Joint-Heirs with Christ

We’ve reached the tail end of my Gilbert Scharffs-esque, line-by-line refutation of Tea Party columnist Mike Adams’ lambasting of a faith he both misrepresents and misunderstands. (If you must, you can read his original assault here.) And it’s a good thing, too, because I’m getting really tired of this guy. Not the most Christlike of sentiments, I know, but I’ve wasted over 10,000 words in response to a man who took no second thought to putting himself in Christ’s place and blithely condemning 14,000,000 people to hell. That level of pride and ignorance tends to make me just a tad bit snippy.

So let’s get this over with.

I say Adams didn’t give this a second thought, but that may not be entirely accurate. In response to an earlier post on this subject, an old friend dug up a Mike Adams column from 2006 wherein he stated categorically that “The idea that Mormons are not Christians is… untenable. No one reading Romans 10:9 and John 14:6 can deny that Mormons are Christians who are saved by faith and destined for heaven.”
(Read that one for yourself here.)

So what changed his mind?

John 14:6 again, apparently. According to Adams, this verse, which insists that Jesus Christ is the only way into heaven, contradicts a statement by Joseph Smith that Adams offers as evidence that Smith was a polytheist. From the column:

I am sorry that Joseph Smith said the following shortly before his death: “(W)hen I get my kingdom, I shall present it to my father, so that he may obtain kingdom among kingdom, and it will exalt him in glory. He will then take a higher exaltation, and I will take his place, and thereby become exalted myself.”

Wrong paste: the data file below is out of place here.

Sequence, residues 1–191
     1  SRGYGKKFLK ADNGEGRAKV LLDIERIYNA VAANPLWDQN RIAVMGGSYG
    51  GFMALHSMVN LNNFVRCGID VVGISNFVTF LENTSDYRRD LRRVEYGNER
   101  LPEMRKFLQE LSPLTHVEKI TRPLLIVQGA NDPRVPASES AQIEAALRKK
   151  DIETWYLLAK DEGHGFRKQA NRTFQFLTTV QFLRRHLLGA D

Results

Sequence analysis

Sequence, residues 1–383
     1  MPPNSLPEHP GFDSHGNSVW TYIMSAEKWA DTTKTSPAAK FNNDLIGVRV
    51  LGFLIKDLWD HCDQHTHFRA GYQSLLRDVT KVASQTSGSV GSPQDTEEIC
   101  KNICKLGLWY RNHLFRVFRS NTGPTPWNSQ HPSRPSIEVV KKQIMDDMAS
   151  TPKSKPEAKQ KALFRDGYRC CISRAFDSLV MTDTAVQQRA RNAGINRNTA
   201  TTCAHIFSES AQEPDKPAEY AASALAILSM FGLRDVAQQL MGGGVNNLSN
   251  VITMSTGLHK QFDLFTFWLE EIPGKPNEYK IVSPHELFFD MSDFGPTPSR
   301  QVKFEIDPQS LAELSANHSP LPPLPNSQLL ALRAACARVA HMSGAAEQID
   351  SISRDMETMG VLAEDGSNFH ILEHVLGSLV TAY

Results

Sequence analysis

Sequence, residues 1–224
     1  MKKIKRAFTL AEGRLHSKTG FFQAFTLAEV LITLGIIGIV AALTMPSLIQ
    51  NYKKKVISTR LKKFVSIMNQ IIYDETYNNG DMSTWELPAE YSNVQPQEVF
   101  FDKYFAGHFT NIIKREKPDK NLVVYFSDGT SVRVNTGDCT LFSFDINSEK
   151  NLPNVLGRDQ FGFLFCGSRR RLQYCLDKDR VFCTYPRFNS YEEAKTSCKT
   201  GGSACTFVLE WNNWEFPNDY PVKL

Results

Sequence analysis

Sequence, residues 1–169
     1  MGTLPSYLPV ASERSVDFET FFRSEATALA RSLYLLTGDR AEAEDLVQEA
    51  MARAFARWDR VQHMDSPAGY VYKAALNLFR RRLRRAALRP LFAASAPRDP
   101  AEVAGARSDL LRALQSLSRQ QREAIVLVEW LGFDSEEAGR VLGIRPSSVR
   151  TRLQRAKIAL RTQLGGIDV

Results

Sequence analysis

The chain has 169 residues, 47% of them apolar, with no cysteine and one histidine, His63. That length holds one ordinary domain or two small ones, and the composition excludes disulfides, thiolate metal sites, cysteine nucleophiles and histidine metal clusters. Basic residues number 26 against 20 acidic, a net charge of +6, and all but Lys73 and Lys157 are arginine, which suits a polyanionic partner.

This quote represents either a wildly disingenuous attempt to deceive or an error so sloppy that it’s astonishing any editor let it go to print. In either case, Adams gets this one entirely wrong.

Read the excerpt from Joseph Smith’s King Follett sermon from which Adams lifted this embarrassing blooper:

How consoling to the mourners when they are called to part with a husband, wife, father, mother, child, or dear relative, to know that, although the earthly tabernacle is laid down and dissolved, they shall rise again to dwell in everlasting burnings in immortal glory, not to sorrow, suffer, or die any more, but they shall be heirs of God and joint heirs with Jesus Christ. What is it? To inherit the same power, the same glory and the same exaltation, until you arrive at the station of a god, and ascend the throne of eternal power, the same as those who have gone before. What did Jesus do? Why, I do the things I saw my Father do when worlds came rolling into existence. My Father worked out His kingdom with fear and trembling, and I must do the same; and when I get my kingdom, I shall present it to My Father, so that He may obtain kingdom upon kingdom, and it will exalt Him in glory. He will then take a higher exaltation, and I will take His place, and thereby become exalted myself. So that Jesus treads in the tracks of His Father, and inherits what God did before; and God is thus glorified and exalted in the salvation and exaltation of all His children.

(King Follett funeral sermon, April 7, 1844. Emphasis mine.)

By leaving out the text before and after his quote, he directly charges that Joseph Smith was trying to take God’s place. But Joseph is speaking from the perspective of Jesus here. In modern vernacular, it’s as if Joseph were saying, “What did Jesus do? Well, Jesus said ‘I do the things I saw my father do…” etc. Every time Joseph says “I” in the paragraph Adams yanks from its contextual moorings, he is referencing not Joseph Smith, but Jesus Christ. To Adams, this ludicrously makes Joseph a “polytheist” who ignores Christ to sit on the throne of God. Behold: